To Tea or Not to Tea: All About Your Caffeine Routine


Are you addicted to caffeine? Are you on a caffeine-restricted diet? Are you just tired of overdoing it on caffeine and finding yourself a sweaty, shaky mess by 10 a.m.? If so, you probably want to know all about caffeine: how to get the most, the least, or none at all. Does tea have less than caffeine? And what the heck is this “maté” stuff? Read on to find out the secrets your local barista has been keeping from you.


The caffeine in tea is released more slowly than in coffee, so if you want to have a relatively steady energy throughout the day (or night, if it’s an all-nighter), tea is generally the way to go. There are also a lot of health benefits to drinking tea, including reduced risks of cancer, heart disease, and depression. Black tea, which has the most caffeine, may give you a rush similar to coffee. Green and white tea, on the other hand, will generally make you feel less jittery, depending on how long you go between cups. And red tea, or Rooibos tea, doesn’t have any caffeine at all, like most herbal “teas.” Red tea tastes more like tea than Pomegranate Zinger, so it can be a nice substitute if you’re avoiding caffeine.

It may seem counterintuitive, but “bolder” tasting coffees, typically darker roasts, usually have less caffeine than the milder ones. If you’re desperate for the maximum amount of caffeine, go for a blond roast or morning blend, which are typically lighter roasts. Dark roasts, especially Italian and French roasts, have less caffeine, making them ideal for later in the day. This is also something to consider if you’re indulging in a coffee you’re not supposed to have, such as during pregnancy or certain illnesses. It is worth keeping in mind that decaf coffee still does have a small amount of caffeine in it, so if you’re extremely sensitive, you may need to cut out coffee altogether.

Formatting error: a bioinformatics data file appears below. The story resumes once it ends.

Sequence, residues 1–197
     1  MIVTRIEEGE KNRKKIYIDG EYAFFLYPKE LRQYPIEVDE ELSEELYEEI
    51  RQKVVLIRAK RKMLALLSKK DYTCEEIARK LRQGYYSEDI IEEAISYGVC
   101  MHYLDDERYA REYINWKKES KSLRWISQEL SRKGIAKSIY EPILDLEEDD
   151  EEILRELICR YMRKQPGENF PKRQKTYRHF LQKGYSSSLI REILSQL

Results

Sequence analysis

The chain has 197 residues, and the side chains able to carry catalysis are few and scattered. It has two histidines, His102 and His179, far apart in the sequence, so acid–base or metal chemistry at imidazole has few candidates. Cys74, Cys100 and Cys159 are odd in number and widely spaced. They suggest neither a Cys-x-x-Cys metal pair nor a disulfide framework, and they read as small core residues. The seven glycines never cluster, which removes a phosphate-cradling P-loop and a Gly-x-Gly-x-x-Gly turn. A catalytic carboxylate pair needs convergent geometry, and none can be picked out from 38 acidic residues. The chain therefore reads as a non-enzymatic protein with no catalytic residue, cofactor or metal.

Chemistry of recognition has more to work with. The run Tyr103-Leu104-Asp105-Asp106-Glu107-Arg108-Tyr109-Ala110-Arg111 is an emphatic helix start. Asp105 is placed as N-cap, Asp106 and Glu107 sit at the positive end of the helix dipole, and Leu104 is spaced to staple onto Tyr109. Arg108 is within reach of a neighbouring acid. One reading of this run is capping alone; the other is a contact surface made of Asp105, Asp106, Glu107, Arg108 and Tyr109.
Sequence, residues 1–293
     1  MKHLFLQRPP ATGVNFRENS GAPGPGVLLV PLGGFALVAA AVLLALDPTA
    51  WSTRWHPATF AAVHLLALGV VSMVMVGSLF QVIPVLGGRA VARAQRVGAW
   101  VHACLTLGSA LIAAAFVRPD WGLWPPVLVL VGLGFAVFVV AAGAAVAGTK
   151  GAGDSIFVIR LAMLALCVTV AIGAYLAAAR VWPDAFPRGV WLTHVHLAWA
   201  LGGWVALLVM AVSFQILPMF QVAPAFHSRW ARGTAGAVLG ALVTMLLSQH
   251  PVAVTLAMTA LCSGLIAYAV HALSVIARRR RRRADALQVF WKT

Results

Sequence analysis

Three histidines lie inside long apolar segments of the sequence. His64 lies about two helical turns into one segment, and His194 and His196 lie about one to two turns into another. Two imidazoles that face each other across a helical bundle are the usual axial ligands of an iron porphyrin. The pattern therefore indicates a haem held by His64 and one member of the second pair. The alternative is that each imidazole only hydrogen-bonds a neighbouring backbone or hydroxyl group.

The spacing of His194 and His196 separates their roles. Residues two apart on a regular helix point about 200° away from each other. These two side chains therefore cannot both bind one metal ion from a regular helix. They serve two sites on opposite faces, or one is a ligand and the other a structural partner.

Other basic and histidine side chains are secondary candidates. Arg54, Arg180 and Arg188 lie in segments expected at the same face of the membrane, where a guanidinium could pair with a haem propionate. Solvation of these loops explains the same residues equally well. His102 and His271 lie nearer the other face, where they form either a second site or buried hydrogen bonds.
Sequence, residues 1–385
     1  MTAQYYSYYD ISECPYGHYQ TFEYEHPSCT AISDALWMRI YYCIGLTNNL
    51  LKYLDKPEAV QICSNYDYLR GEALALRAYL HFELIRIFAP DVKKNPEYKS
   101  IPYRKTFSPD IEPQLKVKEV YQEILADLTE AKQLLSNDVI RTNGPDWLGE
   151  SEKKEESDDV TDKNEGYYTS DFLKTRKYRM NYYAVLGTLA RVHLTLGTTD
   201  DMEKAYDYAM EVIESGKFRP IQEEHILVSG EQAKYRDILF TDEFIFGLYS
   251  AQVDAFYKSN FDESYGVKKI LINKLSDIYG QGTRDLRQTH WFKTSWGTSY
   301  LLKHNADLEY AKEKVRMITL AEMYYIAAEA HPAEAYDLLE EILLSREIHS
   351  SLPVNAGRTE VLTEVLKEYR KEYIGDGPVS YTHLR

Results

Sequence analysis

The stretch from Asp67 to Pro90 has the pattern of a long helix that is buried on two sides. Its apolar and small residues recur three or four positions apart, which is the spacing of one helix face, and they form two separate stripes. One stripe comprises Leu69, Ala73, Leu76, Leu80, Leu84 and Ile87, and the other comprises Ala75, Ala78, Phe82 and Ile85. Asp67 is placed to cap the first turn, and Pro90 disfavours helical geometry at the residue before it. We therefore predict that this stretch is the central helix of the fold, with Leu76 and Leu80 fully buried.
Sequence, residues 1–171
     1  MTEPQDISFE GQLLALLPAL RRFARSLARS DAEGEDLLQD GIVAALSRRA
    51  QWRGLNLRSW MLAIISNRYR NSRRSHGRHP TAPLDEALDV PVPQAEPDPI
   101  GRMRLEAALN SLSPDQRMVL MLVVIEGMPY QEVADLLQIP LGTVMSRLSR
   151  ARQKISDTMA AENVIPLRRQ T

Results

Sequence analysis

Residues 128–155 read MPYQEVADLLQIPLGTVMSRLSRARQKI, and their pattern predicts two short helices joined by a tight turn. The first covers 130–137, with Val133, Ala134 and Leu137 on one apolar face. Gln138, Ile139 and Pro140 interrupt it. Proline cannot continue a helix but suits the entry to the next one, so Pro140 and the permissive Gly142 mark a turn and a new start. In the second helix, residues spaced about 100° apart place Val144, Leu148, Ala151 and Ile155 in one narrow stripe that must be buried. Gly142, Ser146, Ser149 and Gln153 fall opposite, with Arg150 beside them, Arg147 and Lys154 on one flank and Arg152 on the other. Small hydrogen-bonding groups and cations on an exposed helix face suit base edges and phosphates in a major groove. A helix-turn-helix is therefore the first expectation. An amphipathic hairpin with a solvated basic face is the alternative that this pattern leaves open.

Mate or maté (both pronounced ‘mah-tay’) is a drink kind of like tea. Instead of being made with tea leaves, however, it’s made from a plant called Ilex paraguariensis. It’s known more commonly as “yerba mate.” Because it often has a nutty, tannic flavor, mate can taste like a cross between coffee and green tea. Although some people find it to be an acquired taste, most coffee drinkers enjoy it. Despite its caffeine content, a moderate amount of mate can be a good substitute for coffee lovers who are trying to switch to tea for health reasons.

Coffee and tea (including mate) can deliver some great benefits in addition to helping you power through your day. And whether you’re a caffeine junkie or you can’t tolerate even the slightest bit, there is a tasty hot drink out there for you. Even small children can enjoy a warm cup of rooibos tea with a bit of honey in place of their hot chocolate or apple cider.

Have you tried mate or rooibos tea? Which is your drink of choice: coffee or tea?

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